Its not that they "didn't think of it" its that they "don't want you to do it".
Didn't someone on this forum once say something like "You can bake a cake by setting your house on fire, but there's probably a better way". The same goes with your question. If you want to put tons of application logic in JSPs, such as requiring they each implement a method, then you shouldn't be using JSPs in the first place.
I almost *never* put any functions in JSPs, I put them in shared libraries that multiple JSPs can use. I think the only I will even break this is if I am writing text processing code (to convert input/output) and I know for sure it will only be called by one page (oh, and I'm being really lazy)... but even then its still better to put it in the library. [ December 15, 2005: Message edited by: Scott Selikoff ]
Originally posted by Kartik Patel: I want all my JSPs to implemet this interface so each and every JSP will have that methods.....
You do realize that implementing an interface doesn't (by itself) give you access to methods from the interface you're implementing, don't you? It's a contract, not an inheritance mechanism. You would still need to code those methods yourself.
If you're not sure what this means, you might want to do some more reading on interfaces.
There really is no need for me to jump into this as the question has already been answered for anyone who is bothering to read the replies. An interface on a JSP would be absolutely useless since there is no way that the JSP class could subsequently be referenced using the interface. "Mammaries on a bull" comes to mind. You might as well ask why they didn't design your car with a shaving mirror in the engine compartment. If you can't use it, why design it?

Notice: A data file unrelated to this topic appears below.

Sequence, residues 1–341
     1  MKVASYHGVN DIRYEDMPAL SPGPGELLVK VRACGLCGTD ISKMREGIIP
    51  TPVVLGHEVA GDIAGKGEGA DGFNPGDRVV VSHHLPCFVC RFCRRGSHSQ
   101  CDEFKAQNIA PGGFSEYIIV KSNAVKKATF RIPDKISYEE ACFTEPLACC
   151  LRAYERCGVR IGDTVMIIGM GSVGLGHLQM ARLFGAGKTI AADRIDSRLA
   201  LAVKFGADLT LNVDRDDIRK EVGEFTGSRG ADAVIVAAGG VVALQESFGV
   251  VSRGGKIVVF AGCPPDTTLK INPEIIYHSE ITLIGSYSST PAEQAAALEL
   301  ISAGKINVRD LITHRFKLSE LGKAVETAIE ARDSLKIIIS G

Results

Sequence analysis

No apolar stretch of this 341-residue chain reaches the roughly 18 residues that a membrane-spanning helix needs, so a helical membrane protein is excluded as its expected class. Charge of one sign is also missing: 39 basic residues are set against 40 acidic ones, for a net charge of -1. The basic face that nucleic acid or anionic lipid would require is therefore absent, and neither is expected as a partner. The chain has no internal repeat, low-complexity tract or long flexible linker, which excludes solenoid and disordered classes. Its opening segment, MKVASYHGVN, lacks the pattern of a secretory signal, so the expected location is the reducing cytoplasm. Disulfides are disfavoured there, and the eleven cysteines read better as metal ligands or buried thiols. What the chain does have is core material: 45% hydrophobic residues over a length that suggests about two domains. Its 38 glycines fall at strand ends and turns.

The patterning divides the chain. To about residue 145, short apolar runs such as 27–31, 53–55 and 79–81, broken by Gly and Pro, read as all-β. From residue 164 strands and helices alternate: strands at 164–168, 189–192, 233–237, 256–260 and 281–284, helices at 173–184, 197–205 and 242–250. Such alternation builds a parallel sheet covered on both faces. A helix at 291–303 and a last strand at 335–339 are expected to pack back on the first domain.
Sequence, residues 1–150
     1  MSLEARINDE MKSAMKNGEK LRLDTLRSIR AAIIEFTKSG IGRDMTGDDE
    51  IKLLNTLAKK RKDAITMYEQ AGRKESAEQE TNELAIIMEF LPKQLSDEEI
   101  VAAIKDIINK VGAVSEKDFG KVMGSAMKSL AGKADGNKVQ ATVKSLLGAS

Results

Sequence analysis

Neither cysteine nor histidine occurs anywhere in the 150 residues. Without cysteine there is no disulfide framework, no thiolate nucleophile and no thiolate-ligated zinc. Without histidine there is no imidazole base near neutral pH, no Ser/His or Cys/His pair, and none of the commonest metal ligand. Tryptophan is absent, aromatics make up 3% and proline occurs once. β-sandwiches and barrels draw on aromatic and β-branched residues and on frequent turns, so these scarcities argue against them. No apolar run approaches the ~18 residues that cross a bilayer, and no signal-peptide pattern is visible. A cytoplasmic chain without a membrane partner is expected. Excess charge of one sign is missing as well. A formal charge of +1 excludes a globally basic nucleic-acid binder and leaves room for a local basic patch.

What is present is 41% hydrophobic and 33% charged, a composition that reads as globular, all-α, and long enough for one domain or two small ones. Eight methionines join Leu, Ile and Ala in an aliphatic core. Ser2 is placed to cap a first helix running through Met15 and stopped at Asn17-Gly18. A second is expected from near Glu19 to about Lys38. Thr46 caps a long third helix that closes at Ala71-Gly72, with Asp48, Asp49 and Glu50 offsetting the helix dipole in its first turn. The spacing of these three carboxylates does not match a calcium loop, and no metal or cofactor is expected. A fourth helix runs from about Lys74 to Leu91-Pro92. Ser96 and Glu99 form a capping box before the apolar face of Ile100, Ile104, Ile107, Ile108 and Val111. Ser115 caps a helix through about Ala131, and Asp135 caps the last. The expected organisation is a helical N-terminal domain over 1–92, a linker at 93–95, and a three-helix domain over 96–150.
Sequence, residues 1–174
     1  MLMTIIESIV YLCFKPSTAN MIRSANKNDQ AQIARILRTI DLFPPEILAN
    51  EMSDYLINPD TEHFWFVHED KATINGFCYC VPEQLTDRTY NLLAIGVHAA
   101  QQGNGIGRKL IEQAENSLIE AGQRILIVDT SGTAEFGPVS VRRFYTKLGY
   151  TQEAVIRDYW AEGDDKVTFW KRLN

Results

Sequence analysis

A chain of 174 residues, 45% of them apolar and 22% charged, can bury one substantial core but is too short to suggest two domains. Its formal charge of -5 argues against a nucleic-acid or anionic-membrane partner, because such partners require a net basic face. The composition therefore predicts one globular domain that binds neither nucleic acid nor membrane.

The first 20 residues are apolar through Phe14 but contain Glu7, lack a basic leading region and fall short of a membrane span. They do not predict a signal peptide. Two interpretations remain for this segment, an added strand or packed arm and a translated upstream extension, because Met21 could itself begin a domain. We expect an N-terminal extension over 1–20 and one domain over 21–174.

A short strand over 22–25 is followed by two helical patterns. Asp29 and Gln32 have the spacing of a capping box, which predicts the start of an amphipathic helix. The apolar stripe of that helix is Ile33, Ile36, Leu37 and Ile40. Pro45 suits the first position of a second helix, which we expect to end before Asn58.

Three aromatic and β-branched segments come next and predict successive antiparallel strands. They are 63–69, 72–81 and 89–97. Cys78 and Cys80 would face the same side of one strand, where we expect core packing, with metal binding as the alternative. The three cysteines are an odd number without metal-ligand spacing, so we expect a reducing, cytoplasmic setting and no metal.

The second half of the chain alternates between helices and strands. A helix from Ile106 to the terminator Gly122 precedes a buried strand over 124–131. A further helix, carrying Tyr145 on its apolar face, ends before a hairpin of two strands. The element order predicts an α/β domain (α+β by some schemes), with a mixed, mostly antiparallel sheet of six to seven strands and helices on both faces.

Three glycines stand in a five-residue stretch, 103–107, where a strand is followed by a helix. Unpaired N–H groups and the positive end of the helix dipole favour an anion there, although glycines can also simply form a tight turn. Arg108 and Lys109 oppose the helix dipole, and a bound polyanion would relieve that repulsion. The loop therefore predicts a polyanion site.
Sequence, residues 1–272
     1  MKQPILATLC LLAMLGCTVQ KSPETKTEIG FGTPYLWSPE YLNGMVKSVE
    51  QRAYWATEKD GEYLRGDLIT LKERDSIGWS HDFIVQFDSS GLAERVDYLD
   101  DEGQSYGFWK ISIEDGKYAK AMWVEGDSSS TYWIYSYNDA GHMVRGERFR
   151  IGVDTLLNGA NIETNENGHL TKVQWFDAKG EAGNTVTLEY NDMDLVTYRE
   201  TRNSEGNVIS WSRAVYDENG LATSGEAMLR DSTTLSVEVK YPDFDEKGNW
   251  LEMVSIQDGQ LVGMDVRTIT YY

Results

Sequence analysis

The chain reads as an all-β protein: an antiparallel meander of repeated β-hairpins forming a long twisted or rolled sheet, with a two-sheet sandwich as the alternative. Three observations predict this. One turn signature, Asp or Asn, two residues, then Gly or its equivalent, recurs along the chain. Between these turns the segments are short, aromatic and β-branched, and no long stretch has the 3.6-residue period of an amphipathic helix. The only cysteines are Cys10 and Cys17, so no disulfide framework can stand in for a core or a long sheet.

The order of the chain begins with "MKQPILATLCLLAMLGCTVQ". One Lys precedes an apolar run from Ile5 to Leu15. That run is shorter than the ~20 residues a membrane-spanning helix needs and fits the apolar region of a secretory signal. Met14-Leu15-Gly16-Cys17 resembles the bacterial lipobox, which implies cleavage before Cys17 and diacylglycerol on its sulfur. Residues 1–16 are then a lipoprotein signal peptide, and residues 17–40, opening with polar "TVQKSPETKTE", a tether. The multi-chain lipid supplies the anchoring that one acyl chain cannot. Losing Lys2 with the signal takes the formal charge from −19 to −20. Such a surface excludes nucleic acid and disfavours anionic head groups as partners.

The fundamental question is: how are you going to call those methods?
If you are calling them from within the JSP, then it doesn't matter if the JSP implements the interface or not, since you still have to write the methods So it doesn't matter if it's an interfact or not, because you are calling the methods from within the same class.
If you are trying to call the methods another way, then we'd need to see your architecture, as there's something amiss.
Theoretical arguments as to the fact that JSPs should be allowed to implement interfaces just becuase that keeps the language pure won't cut it, I'm afraid. There are other theoretical arguments that state that they shouldn't (MVC design pattern, for one)
Piscis Babelis est parvus, flavus, et hiridicus, et est probabiliter insolitissima raritas in toto mundo.
It's always advisable not to add Java code in JSPs.
1. When you extend any class, your JSP inherits the data members and methods from the base class. You can use those members in your JSP.
2. When implement any interface, it is required to write method body for all the operations written in interface contract. And if you do so, then you will have to write/add Java code in your JSP to implement the method body (which is unexpected anyway).
Hence, it's not allowed to implement any interface in JSPs, to prove it's design.